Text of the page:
Google Takes on OTAs With Commission Model

It's finally happened and the gloves are off.

Google is taking on its biggest travel customers – the online travel agents – with a new commission based ad program for hotels.

They'll be charged "industry standard" commissions for bookings generated through Google Hotel Ads rather than the standard cost per click through AdWords.

This seismic move totally changes the game and has been predicted by industry observers for many years.

The long-term implications are enormous, especially for online travel giants such as Booking.com and Expedia, which have a business model largely based on dominating Google search results.

Now Google has turned into a direct competitor while taking billions in advertising from the companies it is challenging.

And there's nothing the big OTAs can do.

They have no choice but to keep advertising on Google, which has clearly decided this is its most profitable course of action.

Industry standard commissions range from 15% to 25% depending on the market.

On this basis, from a $150 room night Google will make between $22.50 and $37.50 per booking.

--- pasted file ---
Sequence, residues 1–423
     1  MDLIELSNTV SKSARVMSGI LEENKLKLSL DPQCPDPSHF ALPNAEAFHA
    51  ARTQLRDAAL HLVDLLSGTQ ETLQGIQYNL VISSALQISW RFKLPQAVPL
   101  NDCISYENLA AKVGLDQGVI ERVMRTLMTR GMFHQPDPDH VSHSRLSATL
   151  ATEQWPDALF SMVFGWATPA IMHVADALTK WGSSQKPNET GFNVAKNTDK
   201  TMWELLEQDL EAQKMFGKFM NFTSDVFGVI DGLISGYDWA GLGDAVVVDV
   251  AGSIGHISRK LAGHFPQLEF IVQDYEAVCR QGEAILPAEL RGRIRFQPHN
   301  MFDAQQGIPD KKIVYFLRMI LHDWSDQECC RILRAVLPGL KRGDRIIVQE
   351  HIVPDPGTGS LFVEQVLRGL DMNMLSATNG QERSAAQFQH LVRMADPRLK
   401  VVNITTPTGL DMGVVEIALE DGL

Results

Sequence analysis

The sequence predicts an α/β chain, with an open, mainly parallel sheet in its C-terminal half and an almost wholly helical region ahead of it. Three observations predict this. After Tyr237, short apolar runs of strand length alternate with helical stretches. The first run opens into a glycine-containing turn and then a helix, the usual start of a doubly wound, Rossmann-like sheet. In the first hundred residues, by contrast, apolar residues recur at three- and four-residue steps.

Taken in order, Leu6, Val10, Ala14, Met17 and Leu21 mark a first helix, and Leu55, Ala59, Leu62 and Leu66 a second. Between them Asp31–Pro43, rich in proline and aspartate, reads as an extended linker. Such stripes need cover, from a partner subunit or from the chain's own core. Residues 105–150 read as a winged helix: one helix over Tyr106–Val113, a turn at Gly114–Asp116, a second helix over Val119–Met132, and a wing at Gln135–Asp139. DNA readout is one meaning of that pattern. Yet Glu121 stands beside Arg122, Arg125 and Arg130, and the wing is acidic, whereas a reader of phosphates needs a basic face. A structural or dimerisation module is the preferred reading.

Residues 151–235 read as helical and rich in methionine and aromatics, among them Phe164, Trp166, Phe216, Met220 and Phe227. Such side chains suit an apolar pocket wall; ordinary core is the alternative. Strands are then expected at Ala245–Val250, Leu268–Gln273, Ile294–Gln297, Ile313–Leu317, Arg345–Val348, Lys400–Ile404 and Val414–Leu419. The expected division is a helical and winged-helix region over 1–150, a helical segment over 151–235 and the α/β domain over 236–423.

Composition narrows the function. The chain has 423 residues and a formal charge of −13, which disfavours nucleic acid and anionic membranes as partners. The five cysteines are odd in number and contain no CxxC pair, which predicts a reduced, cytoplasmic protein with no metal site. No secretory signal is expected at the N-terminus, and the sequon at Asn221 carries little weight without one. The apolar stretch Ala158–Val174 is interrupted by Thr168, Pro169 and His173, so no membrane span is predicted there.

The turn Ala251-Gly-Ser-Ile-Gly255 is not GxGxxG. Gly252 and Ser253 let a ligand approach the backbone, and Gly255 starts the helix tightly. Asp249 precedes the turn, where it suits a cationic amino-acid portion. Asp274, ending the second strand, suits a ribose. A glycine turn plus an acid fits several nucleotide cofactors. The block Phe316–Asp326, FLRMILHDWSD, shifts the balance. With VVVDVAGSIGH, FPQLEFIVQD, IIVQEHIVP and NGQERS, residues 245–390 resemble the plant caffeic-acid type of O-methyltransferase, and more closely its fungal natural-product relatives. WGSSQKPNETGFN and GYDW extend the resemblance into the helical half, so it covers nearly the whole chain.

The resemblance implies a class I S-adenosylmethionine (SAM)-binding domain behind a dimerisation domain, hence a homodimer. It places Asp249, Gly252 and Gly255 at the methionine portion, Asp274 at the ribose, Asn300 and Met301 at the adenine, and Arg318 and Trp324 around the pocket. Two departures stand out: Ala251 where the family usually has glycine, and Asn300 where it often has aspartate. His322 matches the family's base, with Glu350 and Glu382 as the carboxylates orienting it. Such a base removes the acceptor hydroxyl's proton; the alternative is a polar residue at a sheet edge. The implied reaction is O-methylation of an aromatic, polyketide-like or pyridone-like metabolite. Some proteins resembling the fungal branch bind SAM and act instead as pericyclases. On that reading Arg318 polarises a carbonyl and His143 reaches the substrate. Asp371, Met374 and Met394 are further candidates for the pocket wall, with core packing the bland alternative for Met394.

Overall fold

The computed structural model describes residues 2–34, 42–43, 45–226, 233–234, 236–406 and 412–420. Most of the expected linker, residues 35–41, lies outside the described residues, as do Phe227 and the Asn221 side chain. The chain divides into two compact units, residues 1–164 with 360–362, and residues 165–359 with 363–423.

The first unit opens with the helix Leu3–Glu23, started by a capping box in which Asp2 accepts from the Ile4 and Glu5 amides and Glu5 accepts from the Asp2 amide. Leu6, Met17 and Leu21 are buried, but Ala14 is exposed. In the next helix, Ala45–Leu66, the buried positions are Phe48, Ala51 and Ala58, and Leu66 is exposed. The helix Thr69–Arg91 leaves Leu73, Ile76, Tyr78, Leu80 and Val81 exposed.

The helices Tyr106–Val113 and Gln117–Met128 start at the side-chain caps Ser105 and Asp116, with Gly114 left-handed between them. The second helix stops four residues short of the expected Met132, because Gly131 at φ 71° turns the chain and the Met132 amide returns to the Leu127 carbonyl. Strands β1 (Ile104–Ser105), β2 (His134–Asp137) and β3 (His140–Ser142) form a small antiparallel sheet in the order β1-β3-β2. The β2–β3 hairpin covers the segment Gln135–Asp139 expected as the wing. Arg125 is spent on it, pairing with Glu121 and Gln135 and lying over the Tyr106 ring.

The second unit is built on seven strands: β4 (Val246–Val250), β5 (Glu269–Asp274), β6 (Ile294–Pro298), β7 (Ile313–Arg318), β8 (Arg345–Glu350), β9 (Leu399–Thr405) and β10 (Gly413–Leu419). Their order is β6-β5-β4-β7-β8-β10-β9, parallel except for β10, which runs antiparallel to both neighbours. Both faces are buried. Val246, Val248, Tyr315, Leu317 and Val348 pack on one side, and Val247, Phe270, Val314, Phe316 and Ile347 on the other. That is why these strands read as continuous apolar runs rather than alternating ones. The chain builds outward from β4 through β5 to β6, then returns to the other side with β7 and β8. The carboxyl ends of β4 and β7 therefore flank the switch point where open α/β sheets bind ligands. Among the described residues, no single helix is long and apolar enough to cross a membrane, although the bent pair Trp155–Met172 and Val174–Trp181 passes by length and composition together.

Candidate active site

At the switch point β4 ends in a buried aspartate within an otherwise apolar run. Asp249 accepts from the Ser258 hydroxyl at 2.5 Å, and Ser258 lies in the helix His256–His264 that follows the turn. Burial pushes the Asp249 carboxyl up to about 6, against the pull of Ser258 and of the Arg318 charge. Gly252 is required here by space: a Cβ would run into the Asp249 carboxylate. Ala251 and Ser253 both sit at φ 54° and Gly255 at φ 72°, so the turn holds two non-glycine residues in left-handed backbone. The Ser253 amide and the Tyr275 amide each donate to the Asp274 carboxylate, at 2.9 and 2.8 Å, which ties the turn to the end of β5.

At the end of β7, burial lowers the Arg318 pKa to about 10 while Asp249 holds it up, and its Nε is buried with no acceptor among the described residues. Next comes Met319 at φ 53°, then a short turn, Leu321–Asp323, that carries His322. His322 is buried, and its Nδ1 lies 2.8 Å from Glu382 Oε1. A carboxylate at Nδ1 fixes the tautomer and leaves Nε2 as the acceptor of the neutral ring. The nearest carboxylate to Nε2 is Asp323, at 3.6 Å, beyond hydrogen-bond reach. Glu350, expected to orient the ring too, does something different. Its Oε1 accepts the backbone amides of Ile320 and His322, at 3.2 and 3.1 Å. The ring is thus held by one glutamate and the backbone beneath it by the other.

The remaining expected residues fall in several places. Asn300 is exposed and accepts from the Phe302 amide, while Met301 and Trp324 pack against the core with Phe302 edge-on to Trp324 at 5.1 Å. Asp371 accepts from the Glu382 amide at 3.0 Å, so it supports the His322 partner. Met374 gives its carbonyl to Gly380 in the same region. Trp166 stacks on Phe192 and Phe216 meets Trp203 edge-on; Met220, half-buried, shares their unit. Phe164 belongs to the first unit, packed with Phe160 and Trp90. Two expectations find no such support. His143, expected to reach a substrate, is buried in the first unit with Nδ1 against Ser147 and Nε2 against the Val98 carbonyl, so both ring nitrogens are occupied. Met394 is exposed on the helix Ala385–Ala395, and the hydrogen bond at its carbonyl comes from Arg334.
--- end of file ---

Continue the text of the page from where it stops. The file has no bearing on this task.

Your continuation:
Google has been running a trial program since March with a range of small and independent hotels in partnership with various tech providers including DerbySoft, Fastbooking, Sabre Hospitality Solutions, Seekda, TravelClick, and Trust International.

Google says this testing shows that the commission program is generating more revenue for hotels than pay-per-click.   

“Since March, hotels enrolled in TravelClick’s Demand Services program have seen, on average, a 56 percent year-over-year increase in revenue driven by Google Hotel Ads ,” confirms Scott Koehler, Senior Vice President, Product & Operations of TravelClick.

"The evolution from a pay-per-click to commission model has increased hotel revenue.” From Google, one assumes.

Google has told Tnooz that the Hotel Ads Commission program will be available globally.

However, a ring around of sales and marketing managers at several prominent Australian hotels revealed none had been briefed by Google.

Meanwhile, Google's head of travel in Australia, Dougal Mckenzie, said he was unable to comment on the initiative which, it is understood, will be marketed to hoteliers through the tech companies Google has agreements with.

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